“Owing to the fast-paced nature of the industry, we can’t afford to wait days for a cost estimate when ordering new imagery. With Lens, we receive the estimate instantly, allowing us to make prompt decisions. If it proves  too expensive for our immediate needs, I can explore alternative approaches, often by sourcing different datasets, a task made convenient by Lens's wide range of available data options.”

Once the imagery is ordered and in Lens, it’s easy to start using features like Analysis and Compare to assess baselines and, if a project is accepted, start the ongoing monitoring and reporting process.

Sharing insights quickly with partners

Regardless of whether a project ends up being vetted or not, it’s important to accurately and efficiently share what you find. With projects of magnitude come lots of stakeholders – people who want and need to know what’s happening on the ground, with proof to match.

Turns out our secondary school teachers were right, we need to show our work.

“One of our favorite features within Lens is its report-generating function; this is not commonly offered in-app. As a carbon insurance provider, we often interact with people knowledgeable in insurance but less so in carbon-related concepts. Lens' ability to visually represent our findings through imagery, charts, and other visual data is invaluable to us in bridging this gap. Plus given that we’re a small team, we don't always have the time or resources to manually compile every aspect of these reports - Lens streamlines this process within the app, allowing us to generate comprehensive reports with just a couple of clicks. Additionally, as a regulated entity, our work must be auditable, even years down the line. The report generation feature enables us to efficiently meet this requirement by producing PDFs containing all pertinent data and analyses, ensuring a comprehensive and easily-accessible record of our underwriting decisions.”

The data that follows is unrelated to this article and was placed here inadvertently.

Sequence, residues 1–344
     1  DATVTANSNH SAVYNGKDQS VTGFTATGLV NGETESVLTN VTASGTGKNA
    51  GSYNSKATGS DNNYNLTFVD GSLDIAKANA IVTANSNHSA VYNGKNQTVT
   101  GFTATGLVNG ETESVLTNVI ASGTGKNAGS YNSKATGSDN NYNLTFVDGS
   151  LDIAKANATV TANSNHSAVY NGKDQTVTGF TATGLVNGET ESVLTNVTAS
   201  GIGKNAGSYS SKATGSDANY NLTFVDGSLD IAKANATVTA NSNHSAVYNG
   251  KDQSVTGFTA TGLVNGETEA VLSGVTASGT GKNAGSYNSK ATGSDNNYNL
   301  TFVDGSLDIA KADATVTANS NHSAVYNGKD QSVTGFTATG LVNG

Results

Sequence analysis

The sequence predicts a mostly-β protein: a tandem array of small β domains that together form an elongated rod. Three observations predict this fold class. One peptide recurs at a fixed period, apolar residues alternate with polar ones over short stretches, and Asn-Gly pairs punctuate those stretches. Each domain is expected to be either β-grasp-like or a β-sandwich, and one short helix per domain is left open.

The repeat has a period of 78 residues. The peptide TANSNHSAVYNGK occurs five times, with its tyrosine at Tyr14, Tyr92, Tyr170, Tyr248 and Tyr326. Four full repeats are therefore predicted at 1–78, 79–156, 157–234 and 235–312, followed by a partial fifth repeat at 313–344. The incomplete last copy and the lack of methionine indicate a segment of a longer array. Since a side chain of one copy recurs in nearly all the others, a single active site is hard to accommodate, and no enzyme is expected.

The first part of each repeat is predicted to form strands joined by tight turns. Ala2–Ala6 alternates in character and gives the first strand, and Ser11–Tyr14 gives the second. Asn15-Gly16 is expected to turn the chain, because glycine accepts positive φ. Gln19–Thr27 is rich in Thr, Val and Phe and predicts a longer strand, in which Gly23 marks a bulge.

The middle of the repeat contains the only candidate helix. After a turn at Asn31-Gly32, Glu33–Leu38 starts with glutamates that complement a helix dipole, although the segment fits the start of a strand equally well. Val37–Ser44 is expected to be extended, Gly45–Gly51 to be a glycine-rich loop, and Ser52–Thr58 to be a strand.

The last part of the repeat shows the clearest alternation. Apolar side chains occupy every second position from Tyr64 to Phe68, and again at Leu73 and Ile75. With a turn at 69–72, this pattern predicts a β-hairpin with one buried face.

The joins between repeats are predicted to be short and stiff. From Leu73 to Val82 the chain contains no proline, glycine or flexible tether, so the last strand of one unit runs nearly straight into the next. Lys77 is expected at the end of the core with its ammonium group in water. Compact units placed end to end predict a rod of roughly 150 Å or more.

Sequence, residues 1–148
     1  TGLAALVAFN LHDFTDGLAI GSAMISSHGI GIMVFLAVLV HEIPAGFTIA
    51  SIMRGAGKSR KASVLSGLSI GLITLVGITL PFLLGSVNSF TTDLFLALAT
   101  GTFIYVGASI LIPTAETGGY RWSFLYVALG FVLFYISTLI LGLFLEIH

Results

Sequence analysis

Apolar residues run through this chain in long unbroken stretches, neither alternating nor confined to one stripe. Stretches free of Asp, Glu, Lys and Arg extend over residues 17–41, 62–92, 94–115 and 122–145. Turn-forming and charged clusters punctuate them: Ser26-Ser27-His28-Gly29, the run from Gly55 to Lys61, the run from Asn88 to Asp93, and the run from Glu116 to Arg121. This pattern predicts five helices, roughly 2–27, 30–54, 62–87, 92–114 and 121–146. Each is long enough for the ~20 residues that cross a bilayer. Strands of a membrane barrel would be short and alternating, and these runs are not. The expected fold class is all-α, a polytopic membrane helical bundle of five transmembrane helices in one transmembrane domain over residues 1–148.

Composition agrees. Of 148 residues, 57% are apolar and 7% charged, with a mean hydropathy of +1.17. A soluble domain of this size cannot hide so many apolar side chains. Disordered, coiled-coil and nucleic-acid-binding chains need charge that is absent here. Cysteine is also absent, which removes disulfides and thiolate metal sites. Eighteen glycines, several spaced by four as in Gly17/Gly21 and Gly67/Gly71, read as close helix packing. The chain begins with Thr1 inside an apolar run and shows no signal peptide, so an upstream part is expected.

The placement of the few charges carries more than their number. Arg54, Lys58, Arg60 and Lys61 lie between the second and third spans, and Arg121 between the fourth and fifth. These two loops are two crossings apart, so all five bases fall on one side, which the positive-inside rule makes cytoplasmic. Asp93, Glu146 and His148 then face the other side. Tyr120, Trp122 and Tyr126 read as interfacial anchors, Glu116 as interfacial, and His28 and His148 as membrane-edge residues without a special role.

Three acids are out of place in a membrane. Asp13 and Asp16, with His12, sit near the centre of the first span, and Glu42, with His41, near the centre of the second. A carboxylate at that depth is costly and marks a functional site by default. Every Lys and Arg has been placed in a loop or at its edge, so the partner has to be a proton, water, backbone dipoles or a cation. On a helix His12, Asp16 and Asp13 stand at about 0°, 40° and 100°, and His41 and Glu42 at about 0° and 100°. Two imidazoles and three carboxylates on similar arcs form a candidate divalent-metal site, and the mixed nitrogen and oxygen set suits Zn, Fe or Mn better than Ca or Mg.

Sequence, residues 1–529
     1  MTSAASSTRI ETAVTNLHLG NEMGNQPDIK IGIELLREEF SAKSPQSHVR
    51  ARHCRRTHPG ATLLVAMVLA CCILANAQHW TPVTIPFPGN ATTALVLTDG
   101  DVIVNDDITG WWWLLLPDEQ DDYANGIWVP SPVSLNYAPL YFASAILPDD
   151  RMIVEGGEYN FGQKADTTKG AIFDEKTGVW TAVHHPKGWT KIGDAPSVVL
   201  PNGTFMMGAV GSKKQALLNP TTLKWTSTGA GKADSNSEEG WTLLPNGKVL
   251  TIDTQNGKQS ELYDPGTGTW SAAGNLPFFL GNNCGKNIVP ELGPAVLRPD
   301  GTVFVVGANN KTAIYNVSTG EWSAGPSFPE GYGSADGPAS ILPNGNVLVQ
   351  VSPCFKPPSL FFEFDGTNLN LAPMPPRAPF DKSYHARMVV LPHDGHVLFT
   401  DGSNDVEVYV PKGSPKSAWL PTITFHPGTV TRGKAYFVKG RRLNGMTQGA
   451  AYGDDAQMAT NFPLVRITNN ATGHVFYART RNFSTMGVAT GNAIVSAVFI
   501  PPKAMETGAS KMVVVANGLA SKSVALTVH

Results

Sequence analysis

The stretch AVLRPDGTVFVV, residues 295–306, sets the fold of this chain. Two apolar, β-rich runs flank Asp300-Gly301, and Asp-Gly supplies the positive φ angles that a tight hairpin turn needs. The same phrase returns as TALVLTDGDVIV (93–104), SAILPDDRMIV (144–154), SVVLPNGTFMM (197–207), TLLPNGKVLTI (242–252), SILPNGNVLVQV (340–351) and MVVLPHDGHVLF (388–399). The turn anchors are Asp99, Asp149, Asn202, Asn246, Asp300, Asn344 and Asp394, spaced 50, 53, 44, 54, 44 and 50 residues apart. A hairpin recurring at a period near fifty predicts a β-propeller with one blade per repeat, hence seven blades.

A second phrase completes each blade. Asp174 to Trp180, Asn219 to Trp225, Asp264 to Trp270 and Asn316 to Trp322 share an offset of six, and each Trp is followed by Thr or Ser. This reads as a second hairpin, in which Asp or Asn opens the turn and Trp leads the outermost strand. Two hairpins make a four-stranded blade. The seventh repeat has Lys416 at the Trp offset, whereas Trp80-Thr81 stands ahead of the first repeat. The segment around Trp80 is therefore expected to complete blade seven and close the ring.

A few sample sheets from a report, including charts, imagery, and notes. And as always, reports are fully customizable. Watch a video here. *Please note: this is not an actual Kita report.

As Mansi describes, reports in Lens is what brings everything together. As you discover things and annotate the landscape with notes and pictures, maybe even charts, you can quickly and automatically compile all of that into a report on the spot. If you want to customize it, you can do that too, and you can even save it and come back to it later, so you can keep track of progress over an extended period of time, all in one place.

I know. Let’s recap.

“It all boils down to building trust with our stakeholders, and these features demonstrate that they can indeed trust us (Kita).”

Lens lets you assess carbon projects around the world, find insights about them in an easy, ongoing manner through quick data analysis, record these insights, and then share reports with stakeholders? Sounds pretty great.

To learn more about Lens, head to our resources page. Or, if you're reading this and are convinced, sign up today and get started.

Many thanks to the Kita team and Mansi Agrawal for sharing their use case with us. Learn more about Kita at kita.earth.